Terrorism in Paris: A Few Thoughts

The French showed great resolve in 1915. A century later, that resolve yet lives
The French showed great resolve in 1915. A century later, that resolve yet lives

W.J. Astore

The world is still trying to digest the horrifying news from Paris of terrorist attacks by ISIS.  We sympathize with all the victims of terrorism and other forms of violence, and we stand with France and its desire to bring the perpetrators and their accomplices to justice.

Yet we also must be careful not to overreact — not to play into the hands of ISIS and similar terrorist organizations.

French President François Hollande is already on the record as vowing, “We are going to lead a war [against ISIS] which will be pitiless.” But the answer to terrorism is not “pitiless” war.  That’s exactly what terrorists want: they thrive on war and endless cycles of horrifying violence.

I understand Hollande’s rhetorical purpose.  He’s saying: We’re united, we’re tough, we’ll avenge the murder of innocents.  But pitiless war has been tried again and again in history — and it begets more atrocities and more war.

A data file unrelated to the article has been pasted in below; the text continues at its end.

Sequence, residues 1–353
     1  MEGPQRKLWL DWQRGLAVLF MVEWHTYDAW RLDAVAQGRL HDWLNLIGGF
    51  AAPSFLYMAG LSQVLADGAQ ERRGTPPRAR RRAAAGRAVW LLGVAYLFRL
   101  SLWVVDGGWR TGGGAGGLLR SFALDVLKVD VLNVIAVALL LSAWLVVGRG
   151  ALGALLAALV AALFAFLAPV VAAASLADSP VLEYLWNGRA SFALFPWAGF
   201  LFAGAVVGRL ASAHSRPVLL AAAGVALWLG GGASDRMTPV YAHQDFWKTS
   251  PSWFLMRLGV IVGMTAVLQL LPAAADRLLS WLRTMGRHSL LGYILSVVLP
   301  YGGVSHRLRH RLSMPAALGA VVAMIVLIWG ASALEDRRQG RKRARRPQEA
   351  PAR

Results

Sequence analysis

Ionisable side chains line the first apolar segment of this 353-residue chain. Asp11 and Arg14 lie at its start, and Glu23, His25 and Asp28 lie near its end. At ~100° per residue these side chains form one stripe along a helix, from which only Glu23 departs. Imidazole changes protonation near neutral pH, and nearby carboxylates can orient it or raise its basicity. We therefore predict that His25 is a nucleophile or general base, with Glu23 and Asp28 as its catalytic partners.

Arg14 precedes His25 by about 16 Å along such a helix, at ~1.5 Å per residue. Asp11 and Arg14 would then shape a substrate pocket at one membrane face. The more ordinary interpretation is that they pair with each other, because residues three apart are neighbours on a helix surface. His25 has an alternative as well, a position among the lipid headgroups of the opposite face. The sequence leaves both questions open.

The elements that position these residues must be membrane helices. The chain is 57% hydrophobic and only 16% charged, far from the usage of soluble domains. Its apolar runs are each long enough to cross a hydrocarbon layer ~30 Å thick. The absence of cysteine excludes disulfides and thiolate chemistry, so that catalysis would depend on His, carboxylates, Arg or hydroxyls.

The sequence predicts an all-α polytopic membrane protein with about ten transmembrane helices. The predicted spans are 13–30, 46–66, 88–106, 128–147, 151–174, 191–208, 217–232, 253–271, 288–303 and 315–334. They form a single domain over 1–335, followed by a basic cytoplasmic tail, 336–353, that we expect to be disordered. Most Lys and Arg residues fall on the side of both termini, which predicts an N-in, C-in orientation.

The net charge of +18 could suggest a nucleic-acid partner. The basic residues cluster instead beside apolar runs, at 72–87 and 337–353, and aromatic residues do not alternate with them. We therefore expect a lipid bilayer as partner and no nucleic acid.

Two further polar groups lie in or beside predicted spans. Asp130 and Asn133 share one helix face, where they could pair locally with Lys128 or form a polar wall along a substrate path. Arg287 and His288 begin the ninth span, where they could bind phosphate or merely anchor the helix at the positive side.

Terrorism is nothing new.  What’s new is the way the West is elevating it into a generational war — another crusade.  We must be very careful not to let the rhetoric of “generational” and “merciless” war become a self-fulfilling prophecy.

We must also be careful not to overreact to the threat of terrorism.  In spite of the latest horrifying attacks in Paris, the threat of terrorism remains remote for the vast majority of us.  The answer to the terrorist threat is not more state surveillance, not more military reprisals, not more curtailments of individual freedoms in the false name of security.

What is the answer?  Resolve.  Patience.  Cooperation (e.g. international police work, intelligence sharing, and so forth). And action.  Anger and cries for revenge in the form of “pitiless” war are natural after a profound shock, but they are not smart policy. Injustices committed in the name of “pitiless” war will not bring justice to the victims of the Paris attacks.

Resolve — yes.  Justice — yes.  Courage — yes.  Action — yes.  Pitiless war — no.